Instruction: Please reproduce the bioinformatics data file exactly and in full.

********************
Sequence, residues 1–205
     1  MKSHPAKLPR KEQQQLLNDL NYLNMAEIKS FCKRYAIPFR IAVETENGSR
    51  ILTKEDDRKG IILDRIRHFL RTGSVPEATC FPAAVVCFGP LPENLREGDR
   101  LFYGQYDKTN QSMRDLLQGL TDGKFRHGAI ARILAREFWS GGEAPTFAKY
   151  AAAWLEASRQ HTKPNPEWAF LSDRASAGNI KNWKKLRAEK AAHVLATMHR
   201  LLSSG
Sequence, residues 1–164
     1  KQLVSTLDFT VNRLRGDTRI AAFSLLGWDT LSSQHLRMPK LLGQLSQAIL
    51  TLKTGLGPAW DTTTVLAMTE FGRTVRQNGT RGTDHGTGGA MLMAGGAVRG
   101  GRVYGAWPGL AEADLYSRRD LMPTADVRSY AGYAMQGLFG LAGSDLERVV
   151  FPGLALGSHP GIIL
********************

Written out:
Sequence, residues 1–205
     1  MKSHPAKLPR KEQQQLLNDL NYLNMAEIKS FCKRYAIPFR IAVETENGSR
    51  ILTKEDDRKG IILDRIRHFL RTGSVPEATC FPAAVVCFGP LPENLREGDR
   101  LFYGQYDKTN QSMRDLLQGL TDGKFRHGAI ARILAREFWS GGEAPTFAKY
   151  AAAWLEASRQ HTKPNPEWAF LSDRASAGNI KNWKKLRAEK AAHVLATMHR
   201  LLSSG
Sequence, residues 1–164
     1  KQLVSTLDFT VNRLRGDTRI AAFSLLGWDT LSSQHLRMPK LLGQLSQAIL
    51  TLKTGLGPAW DTTTVLAMTE FGRTVRQNGT RGTDHGTGGA MLMAGGAVRG
   101  GRVYGAWPGL AEADLYSRRD LMPTADVRSY AGYAMQGLFG LAGSDLERVV
   151  FPGLALGSHP GIIL